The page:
Review Fix chats with director Pete McElligott, who discusses his latest production, Lone Star and its upcoming run at the in New York City.
LONE STAR will run from April 20-30 as part of the SPOTLIGHT-ON FESTIVAL at The Wild Project, 195 East 3rd Street, NYC. before moving to the Triad Theater on May 6th and May 13th for its limited run, Off-Broadway revival. This will be NINE Theatricals’ first contract production in NY.
About the Production:
NINE Theatricals in association with Genesis Repertory present a revival of James McClure’s LONE STAR, a powerful one-act comic piece about a macho-man trying to regain his life after serving in Vietnam.
Opening in the cluttered backyard of a small-town Texas bar. Roy, is back in town after a tour of duty in Vietnam hoping to re-establish his high school hero stature prior to his wartime stint. Roy drunkenly regales his young brother, Ray, in tales of war and sex. The arrival of Cletis, the son of the local hardware store owner, sets in motion the destruction of all that held Roy’s fragile macho image together.
LONE STAR – for all its humor – has now taken its place as a powerful exploration about the male image. Now in the 21st Century, the witty dialogue and situations serve as a deep parable about what makes a man, a man, and how that has changed… whether you like it or not.
Review Fix: What’s your creative process like?
Pete McElligott: Working on a show is like detective work. You get handed this result (the text), and the whole team gets to discover the inner life, the motives, the world, and the relationships that lead to this result. My creative process is typical, run-of-the-mill sleuthing.
Review Fix: What makes this [play] different or special?
McElligott: At the heart of Lonestar is the idea of simplicity trying to survive in the face of growing complication. I think it’s something that not a lot of plays tackle well let alone with as much comedy as Lonestar is able to mine. It’s at turns really quite tragic and then heartbreaklingly optimistic. Not many shows can do that in an hour.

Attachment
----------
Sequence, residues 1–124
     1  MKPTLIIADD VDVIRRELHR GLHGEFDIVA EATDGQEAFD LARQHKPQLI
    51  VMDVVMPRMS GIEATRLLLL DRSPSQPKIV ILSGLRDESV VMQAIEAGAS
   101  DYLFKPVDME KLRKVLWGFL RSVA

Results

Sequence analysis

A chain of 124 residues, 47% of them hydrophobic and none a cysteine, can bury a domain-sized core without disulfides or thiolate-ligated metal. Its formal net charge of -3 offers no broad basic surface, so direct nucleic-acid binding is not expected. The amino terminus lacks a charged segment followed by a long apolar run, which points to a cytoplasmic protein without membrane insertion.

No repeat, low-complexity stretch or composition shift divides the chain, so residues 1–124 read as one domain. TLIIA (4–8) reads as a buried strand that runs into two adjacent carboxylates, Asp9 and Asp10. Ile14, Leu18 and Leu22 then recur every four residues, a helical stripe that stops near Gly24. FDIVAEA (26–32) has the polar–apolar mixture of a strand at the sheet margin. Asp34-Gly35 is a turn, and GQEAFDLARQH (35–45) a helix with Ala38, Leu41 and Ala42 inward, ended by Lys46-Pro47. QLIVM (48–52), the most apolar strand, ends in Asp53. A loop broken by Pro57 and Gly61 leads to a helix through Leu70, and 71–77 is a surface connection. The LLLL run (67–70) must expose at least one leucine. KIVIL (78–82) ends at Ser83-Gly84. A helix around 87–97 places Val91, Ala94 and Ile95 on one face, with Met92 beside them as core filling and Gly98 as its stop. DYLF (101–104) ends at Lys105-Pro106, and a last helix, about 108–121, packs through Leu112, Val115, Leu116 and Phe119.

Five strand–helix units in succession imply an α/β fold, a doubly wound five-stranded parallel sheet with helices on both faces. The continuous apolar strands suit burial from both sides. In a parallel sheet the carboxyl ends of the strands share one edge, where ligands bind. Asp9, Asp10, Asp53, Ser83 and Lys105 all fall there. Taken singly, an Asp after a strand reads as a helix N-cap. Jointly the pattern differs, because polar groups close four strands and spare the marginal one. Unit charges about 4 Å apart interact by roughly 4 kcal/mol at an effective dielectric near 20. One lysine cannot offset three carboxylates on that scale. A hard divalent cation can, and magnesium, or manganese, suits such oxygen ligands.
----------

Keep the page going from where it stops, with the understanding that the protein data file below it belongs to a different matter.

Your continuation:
Review Fix: What did you learn about yourself through this process?
McElligott: There’s a lot of masculinity in this play. It explores how men deal with insecurity, with newfound responsibility, and with pain. And it turns out… they don’t deal with any of it very well. Which is familiar.
Review Fix: How does it feel to be a part of something like this?
McElligott: It’s always a conversation. Sometimes it’s uncomfortable, other times it’s fun, other times you have no idea how you got onto the topic you got on, but you’re always happy to be in it and you always recognize what each person
Review Fix: What are your ultimate goals for this production and for the future?
McElligott: My goal for the show is to create a playground in which my actors and the audience can mingle, converse, and, of course, play. In terms of the future, I would like to someday own a big box filled with money, respect and bourbon lemonade. Also, I would prefer the bourbon lemonade be jarred rather than openly distributed, but that’s not a deal breaker.
Review Fix: What do you think your audiences will enjoy the most?
McElligott: The relationships. When actors are having fun with each other it’s hard not to get caught up in it.
Review Fix: What’s next?
McElligott: After Lonestar, I’ll be doing a Workshop with Radical Evolution of their new show, Loving & Loving, directing Macbeth at the Stella Adler Studio, and prepping a production of a show that I wrote for a premiere in September. Somewhere amongst all that, I’ll also be planning a honeymoon to Finland.
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